12 March 2021

#RhymeYourResearch: Carbon, You’re Key

Posted by Shane Hanlon

#RhymeYourResearch is a series of posts by poets who write poetry about science and explain their process and inspiration while also showcasing their pieces. Learn more about contributing. This week, Vanessa Adel.

I am a sociologist by training. I have also always been a writer and an artist too, participating in many writing workshops, theater performances, improvisation, and storytelling. Recently, I have been homeschooling one of my children. We got onto a geology kick while digging up various rocks on our walks in the woods. To better understand what we were finding, I read through a rocks and minerals handbook. Among other things, I came across a detailed description of the different molecular structures that carbon takes in graphite and diamonds. I was really struck by the fact that both substances are made of pure carbon, yet manifest such different material qualities.

Inspired, I did more research: this time, about the elemental properties of carbon, taking notes about carbon’s properties and its extensive role in life and matter. At this time, I was also teaching a sociology course on the climate crisis, and my students and I were talking about carbon in the context of emissions and global warming. The students in this class represented a mix of social science and physical science majors. It was a challenge to teach social science students the physical science behind climate change, and likewise, it was challenging to teach the physical scientists about the frameworks of sociology, such as theories that illuminate our understanding of power and inequality.

At a weekly writing workshop I attended at the time, I decided to put it all together: my newfound amazement at the complexity and versatility of carbon; and my desire to weave together the many kinds of knowledges that are necessary to understand the problems that drive the climate crisis, as well as its possible solutions. In the writing of this poem, carbon became a metaphor as well as a real-life driver of so many interconnected issues and dynamics. And so I imagined talking to carbon – emphasizing my awe as well as my questions; questions that I have for carbon, but also for the world and the environmental precarity we find ourselves in. 

-Vanessa Adel teaches in the sociology department at Smith College. She is writing a book on the climate crisis and lives in Northampton with her family. She can be reached at [email protected].

Carbon, You’re Key

Carbon, you’re key
Carbon, you’re queen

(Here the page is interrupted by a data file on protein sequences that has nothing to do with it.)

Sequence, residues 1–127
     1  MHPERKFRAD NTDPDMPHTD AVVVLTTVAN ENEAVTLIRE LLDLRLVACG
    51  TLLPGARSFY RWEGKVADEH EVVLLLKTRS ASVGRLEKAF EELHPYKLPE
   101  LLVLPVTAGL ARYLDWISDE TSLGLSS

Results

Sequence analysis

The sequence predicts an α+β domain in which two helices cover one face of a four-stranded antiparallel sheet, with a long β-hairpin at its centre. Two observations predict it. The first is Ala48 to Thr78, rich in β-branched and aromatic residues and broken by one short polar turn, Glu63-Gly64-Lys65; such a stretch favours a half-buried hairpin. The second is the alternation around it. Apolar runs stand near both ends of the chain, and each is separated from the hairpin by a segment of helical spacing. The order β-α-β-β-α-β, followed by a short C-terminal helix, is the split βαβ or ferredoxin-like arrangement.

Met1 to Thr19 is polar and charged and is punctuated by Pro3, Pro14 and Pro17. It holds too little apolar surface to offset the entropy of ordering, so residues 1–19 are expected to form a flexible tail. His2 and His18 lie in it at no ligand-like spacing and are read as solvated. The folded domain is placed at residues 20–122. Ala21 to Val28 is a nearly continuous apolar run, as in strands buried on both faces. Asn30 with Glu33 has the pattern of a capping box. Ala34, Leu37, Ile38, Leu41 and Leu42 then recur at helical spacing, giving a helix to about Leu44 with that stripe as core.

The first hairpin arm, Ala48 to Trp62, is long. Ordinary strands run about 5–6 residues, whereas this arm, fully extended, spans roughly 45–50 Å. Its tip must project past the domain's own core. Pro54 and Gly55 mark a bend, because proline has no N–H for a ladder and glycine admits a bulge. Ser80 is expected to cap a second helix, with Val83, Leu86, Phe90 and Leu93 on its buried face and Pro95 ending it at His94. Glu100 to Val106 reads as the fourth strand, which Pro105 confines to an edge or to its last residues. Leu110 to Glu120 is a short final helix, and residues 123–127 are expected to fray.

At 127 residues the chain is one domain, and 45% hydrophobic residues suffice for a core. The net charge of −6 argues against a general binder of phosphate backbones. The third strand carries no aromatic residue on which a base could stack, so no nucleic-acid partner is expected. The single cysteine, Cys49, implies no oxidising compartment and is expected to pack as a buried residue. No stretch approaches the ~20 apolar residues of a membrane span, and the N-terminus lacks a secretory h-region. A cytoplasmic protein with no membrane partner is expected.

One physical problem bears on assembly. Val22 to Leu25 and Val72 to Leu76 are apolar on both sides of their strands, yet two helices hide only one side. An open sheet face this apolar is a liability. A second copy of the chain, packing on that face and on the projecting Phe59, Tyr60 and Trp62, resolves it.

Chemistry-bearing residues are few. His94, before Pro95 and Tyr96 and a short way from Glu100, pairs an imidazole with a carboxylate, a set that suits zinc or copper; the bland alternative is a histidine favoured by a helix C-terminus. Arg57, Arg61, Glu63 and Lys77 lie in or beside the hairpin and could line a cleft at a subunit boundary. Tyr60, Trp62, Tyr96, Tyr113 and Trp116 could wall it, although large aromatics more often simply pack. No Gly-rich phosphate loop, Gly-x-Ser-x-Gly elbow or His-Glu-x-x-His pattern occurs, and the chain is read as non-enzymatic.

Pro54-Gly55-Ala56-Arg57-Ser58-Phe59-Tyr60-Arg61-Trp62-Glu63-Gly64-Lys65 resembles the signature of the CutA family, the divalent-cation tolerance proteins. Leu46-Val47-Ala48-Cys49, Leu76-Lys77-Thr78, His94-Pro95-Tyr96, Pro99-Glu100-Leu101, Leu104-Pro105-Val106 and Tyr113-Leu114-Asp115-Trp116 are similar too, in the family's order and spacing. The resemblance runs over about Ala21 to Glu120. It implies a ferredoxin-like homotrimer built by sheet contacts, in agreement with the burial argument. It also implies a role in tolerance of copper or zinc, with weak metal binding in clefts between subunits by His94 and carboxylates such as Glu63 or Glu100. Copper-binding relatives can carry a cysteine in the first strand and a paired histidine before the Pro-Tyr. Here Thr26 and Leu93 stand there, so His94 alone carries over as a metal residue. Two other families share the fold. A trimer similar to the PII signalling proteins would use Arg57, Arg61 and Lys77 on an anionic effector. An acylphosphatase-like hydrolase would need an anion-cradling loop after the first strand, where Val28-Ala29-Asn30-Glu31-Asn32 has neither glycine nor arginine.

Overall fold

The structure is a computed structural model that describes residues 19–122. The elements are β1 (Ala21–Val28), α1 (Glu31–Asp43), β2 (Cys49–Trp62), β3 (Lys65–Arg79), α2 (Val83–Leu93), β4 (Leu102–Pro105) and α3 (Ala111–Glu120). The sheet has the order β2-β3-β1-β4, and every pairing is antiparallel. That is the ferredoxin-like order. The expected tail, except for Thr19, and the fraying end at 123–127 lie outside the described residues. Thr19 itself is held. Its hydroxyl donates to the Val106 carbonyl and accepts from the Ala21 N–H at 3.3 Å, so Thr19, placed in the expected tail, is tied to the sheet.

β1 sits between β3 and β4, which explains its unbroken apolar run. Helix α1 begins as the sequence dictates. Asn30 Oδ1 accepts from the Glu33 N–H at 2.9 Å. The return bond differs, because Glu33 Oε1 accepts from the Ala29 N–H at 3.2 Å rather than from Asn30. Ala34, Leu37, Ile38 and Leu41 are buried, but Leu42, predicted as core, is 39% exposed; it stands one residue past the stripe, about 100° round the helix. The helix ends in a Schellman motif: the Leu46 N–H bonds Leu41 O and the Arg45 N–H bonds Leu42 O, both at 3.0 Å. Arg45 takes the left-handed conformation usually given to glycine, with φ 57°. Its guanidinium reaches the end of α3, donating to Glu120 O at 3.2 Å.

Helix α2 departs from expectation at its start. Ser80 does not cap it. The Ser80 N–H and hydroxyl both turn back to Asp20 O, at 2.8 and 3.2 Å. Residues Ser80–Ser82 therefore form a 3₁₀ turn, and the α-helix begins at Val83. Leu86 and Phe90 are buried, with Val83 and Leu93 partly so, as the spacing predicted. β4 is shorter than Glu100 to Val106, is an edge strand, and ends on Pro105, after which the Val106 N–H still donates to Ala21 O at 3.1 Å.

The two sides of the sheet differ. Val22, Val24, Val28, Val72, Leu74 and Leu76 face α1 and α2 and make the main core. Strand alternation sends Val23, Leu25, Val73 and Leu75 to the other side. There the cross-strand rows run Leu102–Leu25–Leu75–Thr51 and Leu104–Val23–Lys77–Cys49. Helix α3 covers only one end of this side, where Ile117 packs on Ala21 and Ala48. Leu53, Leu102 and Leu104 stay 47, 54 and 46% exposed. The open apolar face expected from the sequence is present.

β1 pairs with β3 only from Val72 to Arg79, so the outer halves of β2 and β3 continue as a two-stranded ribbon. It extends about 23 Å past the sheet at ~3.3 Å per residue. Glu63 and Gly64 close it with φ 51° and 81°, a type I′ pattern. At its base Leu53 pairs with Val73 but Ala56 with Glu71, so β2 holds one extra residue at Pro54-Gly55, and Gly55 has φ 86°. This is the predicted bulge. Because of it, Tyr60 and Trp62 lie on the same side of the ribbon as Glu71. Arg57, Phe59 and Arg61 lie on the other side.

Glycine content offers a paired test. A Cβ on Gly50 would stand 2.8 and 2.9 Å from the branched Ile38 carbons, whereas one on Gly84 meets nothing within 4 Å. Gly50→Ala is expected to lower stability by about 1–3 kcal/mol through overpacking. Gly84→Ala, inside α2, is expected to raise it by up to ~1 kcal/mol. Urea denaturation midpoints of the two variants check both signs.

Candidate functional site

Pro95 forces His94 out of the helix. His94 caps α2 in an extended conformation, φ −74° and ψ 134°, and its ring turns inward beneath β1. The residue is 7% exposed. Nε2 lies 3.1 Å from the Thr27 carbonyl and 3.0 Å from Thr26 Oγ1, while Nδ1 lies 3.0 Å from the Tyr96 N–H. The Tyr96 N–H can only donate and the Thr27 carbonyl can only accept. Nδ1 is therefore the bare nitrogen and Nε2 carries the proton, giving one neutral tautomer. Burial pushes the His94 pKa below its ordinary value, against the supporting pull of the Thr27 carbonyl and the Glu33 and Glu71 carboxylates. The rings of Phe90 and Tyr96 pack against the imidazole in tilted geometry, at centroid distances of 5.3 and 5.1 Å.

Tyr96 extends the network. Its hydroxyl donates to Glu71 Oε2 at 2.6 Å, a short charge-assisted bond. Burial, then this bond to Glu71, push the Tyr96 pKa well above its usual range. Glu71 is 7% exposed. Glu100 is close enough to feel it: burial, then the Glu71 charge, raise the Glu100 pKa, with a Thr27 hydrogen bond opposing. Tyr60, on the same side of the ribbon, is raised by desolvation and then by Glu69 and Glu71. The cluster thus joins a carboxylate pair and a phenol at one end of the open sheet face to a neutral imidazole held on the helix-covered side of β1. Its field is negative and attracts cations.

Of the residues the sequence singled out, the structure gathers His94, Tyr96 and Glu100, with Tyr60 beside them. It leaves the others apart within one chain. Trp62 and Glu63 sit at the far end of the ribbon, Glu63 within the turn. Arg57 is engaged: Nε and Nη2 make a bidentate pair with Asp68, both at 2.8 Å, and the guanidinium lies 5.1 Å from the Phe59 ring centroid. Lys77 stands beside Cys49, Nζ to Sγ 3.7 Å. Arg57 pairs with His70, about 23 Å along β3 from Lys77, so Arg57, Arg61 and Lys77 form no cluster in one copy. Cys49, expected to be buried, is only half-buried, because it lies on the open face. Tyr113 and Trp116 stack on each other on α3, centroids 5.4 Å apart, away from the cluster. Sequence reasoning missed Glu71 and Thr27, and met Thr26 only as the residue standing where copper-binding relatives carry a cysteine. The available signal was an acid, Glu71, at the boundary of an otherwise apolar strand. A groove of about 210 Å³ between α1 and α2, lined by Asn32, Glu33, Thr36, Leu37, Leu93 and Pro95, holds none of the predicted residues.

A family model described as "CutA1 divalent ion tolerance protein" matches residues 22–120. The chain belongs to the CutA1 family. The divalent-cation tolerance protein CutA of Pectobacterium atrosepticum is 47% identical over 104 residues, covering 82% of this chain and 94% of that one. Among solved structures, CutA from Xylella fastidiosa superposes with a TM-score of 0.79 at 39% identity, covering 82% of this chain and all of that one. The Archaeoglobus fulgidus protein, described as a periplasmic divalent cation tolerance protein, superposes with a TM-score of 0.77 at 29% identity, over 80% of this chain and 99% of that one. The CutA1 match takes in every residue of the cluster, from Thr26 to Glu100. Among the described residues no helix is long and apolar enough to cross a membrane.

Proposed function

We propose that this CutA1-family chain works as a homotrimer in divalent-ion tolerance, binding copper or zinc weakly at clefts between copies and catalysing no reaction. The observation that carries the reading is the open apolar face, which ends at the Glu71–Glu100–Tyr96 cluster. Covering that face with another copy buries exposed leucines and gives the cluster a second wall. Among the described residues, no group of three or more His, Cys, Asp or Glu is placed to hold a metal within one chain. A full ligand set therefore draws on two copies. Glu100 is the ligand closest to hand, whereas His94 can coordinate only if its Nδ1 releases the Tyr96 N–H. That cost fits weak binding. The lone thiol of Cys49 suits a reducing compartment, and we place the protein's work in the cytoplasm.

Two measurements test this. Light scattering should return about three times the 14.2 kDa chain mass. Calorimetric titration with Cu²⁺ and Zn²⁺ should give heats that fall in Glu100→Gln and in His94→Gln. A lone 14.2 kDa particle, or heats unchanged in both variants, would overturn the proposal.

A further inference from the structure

Carbon, you’re contradictory

Your capacity to connect
and reconfigure

Partners with everyone!
Chains and chains
of molecules
You are generous!
Sharing electrons all over the place
10 million compounds have your signature!

you embody elemental mastery
you are everywhere
the center
the middle C
the authentic stable genius
you are life
you are fluidity

Basic to my digestion
critical to my energy
breath of my ancestors
the stuff of photosynthesis
bouncing the sun’s rays
trapping heat for planetary viability.

you keep it moving.
And still.
Carbon, you’re a conundrum.

We’ve pumped more carbon dioxide
into the atmosphere
than your earthly cycles ever considered
And now?
You are death
and rigidity.

tell me this.
Are you a building block of consciousness?
Are your molecular structures
manifestations of different types of thinking?
Different ways to imagine beingness?

Diamonds, pure carbon
are the hardest naturally occurring material
known to science
Their crystal structure is adamant,
from the Greek, adamas: untamable

Does this have something to do
with a rigid manifestation of greed
and oppressive notions of hierarchy?
Choose a form:
race, gender, class
hardest inequalities known to sociology

How is it that graphite
is another one of your pure forms?
The softer stuff
made of the same element
that is you?
that is me?
The stuff of pencils
of pens that are mightier than swords
of imagining our way out of this mess
Tell me,
is global warming insurmountable?

We humans,
carbon-based forms that we are
could take a page
from you
from us
to imagine
different internal structures

Throw me a valence
and let’s see
how we might bond
in the face of apparently
rigid structures of doom.